For the first time in Harvard University’s 380-year history, the majority of students set to enter the Ivy League school as freshmen this fall are racial minorities, university officials said.
Of the 2,038 freshmen accepted into Harvard, 50.8 percent identify as nonwhite — a small, but significant jump from last year’s 47.3 percent, The Boston Globe reported. The school’s incoming class boasts an array of students from diverse racial/ethnic backgrounds, including African-American (14.6 percent), Asian-American (22.2 percent), Latino (11.6 percent) and Native American (2.5 percent) scholars.
The Boston Globe reported that Harvard recruiters fanned out across the U.S., stopping in nearly 150 communities to meet with students, parents and high school counselors.
However, the university’s efforts to diversify its growing student body comes amid the U.S. Justice Department’s plans to investigate universities for affirmative action policies deemed to discriminate against white applicants, according to a New York Times report published on Aug. 1.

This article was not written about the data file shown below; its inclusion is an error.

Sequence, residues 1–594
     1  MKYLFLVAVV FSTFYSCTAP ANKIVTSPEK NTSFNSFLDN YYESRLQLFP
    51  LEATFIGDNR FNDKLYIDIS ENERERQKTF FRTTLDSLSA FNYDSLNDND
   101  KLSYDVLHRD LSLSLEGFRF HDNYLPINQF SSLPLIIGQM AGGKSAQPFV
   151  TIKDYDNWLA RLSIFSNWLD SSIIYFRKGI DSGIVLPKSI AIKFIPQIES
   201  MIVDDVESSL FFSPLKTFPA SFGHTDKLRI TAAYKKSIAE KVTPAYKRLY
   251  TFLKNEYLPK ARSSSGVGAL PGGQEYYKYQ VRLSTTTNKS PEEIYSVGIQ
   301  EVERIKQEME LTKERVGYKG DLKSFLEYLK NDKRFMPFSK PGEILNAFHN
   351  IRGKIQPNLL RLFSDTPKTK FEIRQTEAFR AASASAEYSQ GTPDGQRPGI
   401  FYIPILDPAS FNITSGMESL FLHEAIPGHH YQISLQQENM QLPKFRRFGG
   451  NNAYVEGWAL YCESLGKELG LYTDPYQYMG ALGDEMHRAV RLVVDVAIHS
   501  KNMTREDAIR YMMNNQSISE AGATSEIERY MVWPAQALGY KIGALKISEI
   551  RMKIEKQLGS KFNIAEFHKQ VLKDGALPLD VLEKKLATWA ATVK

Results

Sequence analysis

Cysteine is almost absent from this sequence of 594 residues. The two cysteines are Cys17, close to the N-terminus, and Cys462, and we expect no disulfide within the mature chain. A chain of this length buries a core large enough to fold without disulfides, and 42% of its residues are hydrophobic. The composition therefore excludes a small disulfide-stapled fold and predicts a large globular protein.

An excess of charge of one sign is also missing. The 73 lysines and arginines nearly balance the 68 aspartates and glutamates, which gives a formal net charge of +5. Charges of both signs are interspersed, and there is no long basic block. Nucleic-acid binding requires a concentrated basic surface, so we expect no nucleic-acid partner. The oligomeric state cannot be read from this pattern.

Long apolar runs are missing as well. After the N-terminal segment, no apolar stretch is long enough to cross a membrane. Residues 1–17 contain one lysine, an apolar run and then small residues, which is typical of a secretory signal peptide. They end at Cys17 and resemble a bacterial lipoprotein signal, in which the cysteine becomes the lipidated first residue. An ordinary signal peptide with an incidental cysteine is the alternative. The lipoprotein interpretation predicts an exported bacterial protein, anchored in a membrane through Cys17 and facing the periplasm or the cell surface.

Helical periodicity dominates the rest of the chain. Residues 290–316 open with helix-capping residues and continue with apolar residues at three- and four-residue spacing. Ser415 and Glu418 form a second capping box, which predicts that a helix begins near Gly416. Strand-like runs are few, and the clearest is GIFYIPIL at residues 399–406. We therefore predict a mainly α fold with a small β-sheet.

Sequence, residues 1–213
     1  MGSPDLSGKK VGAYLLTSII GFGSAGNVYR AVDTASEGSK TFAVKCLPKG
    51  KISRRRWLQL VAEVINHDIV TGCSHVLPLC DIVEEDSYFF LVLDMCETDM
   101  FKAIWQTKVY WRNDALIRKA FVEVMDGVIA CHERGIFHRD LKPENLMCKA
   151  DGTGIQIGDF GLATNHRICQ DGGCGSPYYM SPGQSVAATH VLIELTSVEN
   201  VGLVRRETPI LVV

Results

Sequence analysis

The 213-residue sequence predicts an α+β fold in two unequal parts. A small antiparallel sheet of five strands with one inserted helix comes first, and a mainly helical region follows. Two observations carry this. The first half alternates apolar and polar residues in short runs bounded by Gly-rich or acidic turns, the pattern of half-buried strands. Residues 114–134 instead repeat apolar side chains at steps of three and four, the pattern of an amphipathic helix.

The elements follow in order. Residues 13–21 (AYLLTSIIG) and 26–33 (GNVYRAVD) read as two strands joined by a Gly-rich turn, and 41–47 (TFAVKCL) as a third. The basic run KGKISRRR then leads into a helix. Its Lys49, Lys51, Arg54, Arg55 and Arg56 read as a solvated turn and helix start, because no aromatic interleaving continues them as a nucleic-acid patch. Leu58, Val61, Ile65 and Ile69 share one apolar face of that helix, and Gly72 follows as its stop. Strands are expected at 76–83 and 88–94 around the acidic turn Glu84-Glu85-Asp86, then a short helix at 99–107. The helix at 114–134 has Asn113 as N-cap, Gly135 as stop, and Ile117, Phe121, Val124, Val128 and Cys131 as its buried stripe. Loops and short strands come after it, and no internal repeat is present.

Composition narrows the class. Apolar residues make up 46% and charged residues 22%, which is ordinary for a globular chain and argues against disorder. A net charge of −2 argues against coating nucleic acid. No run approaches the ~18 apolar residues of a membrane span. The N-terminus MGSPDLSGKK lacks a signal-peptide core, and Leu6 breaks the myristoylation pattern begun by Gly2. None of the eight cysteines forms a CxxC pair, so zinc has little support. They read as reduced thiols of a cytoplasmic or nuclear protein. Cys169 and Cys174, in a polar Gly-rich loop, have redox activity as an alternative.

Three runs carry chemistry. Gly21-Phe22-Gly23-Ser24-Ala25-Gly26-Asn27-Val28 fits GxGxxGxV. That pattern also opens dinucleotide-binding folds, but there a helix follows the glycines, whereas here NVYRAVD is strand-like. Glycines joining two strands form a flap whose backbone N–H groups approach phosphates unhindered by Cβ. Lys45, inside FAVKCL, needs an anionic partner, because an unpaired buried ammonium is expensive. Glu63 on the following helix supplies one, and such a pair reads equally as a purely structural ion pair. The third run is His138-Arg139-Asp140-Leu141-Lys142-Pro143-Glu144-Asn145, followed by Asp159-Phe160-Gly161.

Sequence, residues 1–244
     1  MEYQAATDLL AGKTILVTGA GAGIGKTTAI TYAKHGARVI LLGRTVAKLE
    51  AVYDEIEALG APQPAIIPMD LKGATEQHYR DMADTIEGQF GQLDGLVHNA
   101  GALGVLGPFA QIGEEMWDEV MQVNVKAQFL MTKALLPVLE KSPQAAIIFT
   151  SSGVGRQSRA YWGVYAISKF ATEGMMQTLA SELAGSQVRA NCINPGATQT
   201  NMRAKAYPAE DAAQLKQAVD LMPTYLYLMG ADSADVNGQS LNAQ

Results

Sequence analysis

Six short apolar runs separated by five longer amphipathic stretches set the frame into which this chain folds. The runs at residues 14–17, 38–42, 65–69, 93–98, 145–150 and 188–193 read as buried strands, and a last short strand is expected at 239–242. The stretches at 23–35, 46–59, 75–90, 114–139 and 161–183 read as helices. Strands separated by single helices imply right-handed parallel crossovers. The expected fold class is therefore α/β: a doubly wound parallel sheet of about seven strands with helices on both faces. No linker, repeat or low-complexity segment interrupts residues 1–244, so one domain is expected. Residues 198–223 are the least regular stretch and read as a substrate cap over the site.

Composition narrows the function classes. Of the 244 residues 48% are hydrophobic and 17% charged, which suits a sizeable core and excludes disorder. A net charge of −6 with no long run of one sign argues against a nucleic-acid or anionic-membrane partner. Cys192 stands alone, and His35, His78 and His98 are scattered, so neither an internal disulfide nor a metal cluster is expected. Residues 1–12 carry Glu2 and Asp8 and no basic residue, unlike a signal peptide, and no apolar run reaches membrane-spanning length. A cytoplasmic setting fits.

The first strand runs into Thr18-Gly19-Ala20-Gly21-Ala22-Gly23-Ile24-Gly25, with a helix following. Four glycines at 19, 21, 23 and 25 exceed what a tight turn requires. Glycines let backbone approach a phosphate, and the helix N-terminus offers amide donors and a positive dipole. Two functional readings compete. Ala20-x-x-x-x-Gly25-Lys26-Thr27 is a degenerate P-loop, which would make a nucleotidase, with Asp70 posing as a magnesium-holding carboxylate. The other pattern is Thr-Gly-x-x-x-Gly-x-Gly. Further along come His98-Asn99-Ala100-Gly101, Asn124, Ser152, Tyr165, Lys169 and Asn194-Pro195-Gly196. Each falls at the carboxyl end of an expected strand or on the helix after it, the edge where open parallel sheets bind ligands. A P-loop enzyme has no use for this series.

Officials with the department later clarified that the internal document obtained by The New York Times was actually a job posting related to a single complaint that accused Harvard and other Ivy League schools of discriminating against Asian-American applicants, TIME reported. They said the DOJ had no plans of launching a broader investigation into other university’s affirmative action policies.
“The posting sought volunteers to investigate one administrative complaint filed by a coalition of 64 Asian-American associations in May 2015 that the prior administration left unresolved,” department spokeswoman Sarah Isgur Flores said.
On Wednesday, Harvard defended its admissions practices, noting that the university “remains committed to enrolling a diverse class of students.”
“Harvard’s admissions process considers each applicant as a whole person, and we review many factors, consistent with the legal standards established by the U.S. Supreme Court,” university spokeswoman Rachael Dane told the Boston Globe.